and the viewing is reruns, repeats, retreads and rejects.
That's okay because it's a great opportunity to catch up with the 1994-95 TV season, the best since I've been watching TV professionally for The Star.
But, despite the quality bonanza, last season was, over-all, not a good one for women.
Last month, Starweek's cover portrayed seven "Super She Shows" - VR.5, Under Suspicion, Earth 2, Sliders, Star Trek: Voyager, Sweet Justice and Cybill. All have strong women leads, women with guts and spunk and brains. Leaders. Bosses. Top guns. But, no sooner was Starweek on the street than the first four shows were cancelled, although there might be a reprieve for Sliders, which really stars three men and a girl anyway.
And what about My So-Called Life, which showed that, despite their obsession with cute guys and bad hair, teen girls actually think?
True, females shined in sitcoms such as Grace Under Fire and Roseanne. But, in most shows, women rarely have the importance or status of the men.
In The X-Files, FBI agent Scully (Gillian Anderson) plays Tonto to agent Mulder's (David Duchovny) Lone Ranger. In NYPD Blue, female cops are lushes, sluts or fifth bananas. The only women doctors prominently featured in Chicago Hope either ended up dead - or as spurned females trying to strip hero Dr. Jeffrey Geiger (Mandy Patinkin) of his licence.
Even Homicide, my favorite, can't-miss-an-episode show, which has both a female captain and a female detective, treats women delicately. They never get into the edgy rat-tat-rap that the guys do, their storylines rarely go beyond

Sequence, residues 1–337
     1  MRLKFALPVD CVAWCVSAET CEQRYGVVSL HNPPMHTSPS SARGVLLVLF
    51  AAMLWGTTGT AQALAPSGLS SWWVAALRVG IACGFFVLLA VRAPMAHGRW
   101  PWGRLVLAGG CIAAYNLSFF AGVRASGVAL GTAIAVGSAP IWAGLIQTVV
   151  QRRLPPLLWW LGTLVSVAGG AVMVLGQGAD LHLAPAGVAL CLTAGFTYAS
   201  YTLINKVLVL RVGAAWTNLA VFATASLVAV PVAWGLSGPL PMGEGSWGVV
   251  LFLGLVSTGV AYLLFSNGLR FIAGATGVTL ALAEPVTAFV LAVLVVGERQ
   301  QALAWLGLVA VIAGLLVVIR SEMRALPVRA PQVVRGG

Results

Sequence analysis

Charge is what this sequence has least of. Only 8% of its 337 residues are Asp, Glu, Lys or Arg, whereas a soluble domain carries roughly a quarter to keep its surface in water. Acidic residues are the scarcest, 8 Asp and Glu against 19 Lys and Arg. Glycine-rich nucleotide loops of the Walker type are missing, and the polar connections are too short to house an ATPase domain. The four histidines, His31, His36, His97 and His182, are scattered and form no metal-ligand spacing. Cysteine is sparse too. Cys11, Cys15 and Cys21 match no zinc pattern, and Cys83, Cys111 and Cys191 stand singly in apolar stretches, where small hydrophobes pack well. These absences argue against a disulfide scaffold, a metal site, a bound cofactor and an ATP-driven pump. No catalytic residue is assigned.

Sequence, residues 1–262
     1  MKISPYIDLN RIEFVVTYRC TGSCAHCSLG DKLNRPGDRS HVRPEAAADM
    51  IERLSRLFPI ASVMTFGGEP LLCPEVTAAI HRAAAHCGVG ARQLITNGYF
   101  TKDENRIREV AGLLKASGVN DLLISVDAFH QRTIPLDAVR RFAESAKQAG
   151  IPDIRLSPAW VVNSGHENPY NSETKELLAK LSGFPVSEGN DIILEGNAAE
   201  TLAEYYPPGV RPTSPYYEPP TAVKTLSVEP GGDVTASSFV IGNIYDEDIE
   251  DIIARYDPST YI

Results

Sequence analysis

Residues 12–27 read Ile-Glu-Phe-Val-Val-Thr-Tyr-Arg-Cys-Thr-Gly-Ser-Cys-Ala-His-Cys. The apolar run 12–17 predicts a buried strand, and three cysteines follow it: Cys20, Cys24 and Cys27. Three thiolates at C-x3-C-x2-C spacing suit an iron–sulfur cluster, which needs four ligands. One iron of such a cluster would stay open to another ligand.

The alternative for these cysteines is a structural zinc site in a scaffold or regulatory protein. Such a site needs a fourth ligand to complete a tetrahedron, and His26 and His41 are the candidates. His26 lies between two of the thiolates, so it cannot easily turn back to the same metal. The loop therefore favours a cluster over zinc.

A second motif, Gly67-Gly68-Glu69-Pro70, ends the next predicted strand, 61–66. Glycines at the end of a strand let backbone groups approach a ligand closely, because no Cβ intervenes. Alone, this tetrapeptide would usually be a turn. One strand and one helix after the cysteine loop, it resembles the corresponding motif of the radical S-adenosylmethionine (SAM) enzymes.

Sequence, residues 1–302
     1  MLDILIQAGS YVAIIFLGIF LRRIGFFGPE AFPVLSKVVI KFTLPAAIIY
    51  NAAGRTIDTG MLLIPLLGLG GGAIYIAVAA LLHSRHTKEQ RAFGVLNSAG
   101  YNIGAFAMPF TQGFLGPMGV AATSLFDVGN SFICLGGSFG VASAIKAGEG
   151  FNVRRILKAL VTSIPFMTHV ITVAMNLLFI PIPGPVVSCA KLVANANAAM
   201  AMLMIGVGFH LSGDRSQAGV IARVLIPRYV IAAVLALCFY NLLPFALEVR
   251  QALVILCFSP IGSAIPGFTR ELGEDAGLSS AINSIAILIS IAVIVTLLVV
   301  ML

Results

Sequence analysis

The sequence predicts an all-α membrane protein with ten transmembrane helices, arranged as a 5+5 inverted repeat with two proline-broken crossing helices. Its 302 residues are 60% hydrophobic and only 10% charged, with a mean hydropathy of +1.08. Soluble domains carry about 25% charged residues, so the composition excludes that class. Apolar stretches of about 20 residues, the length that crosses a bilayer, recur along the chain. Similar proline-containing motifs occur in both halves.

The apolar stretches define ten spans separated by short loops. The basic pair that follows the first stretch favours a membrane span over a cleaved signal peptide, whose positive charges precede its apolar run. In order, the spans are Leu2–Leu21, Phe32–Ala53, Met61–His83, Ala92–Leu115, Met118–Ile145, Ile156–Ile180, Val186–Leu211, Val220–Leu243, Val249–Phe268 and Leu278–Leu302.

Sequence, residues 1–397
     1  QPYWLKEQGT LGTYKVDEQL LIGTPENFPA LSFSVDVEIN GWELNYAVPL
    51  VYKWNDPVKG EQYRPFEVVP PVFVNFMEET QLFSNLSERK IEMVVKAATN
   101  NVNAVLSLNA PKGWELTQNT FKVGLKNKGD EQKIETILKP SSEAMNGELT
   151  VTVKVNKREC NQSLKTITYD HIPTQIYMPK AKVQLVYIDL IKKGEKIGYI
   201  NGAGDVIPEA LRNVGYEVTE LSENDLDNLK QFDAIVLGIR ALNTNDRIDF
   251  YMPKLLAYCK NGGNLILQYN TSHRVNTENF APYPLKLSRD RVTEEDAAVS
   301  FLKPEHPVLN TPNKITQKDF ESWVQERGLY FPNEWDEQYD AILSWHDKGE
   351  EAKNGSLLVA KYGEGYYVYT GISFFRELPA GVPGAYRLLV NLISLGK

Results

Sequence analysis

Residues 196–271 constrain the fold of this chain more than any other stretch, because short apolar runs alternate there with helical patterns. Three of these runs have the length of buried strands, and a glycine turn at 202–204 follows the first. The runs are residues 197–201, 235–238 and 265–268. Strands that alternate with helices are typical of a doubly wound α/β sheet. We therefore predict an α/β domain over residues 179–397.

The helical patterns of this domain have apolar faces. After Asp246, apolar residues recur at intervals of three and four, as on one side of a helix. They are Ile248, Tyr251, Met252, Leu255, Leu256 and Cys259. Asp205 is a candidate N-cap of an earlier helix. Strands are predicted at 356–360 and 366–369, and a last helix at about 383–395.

their love and family lives. And, if you're still not convinced, look what happened to newswomen this year. Connie Chung was offed by CBS. Pamela Wallin was manhandled by CBC-TV News management.
After a needlessly humiliating experience with CBC Prime Time News, where Wallin merited equal billing with anchor Peter Mansbridge, she's landed on her feet thank you very much with a prime spot on Newsworld's fall schedule.
Chung was different. She never belonged there even-steven with veteran Dan Rather and her recent bungles, including her inept coverage of the Oklahoma bombing, underlined that. The irony, of course, is that while Chung, who is very telegenic, probably rocketed so high in the first place because she was a woman - and a visible minority at that.
Which reminds me how bad a year it was for black, Asian and Hispanics as well. Under One Roof, for example, a promising drama about an African American family, barely debuted when it was dropped. Fox's House Of Buggin' suffered the same fate.
But don't get me started on that . . .
Antonia Zerbisias is The Star's media reporter.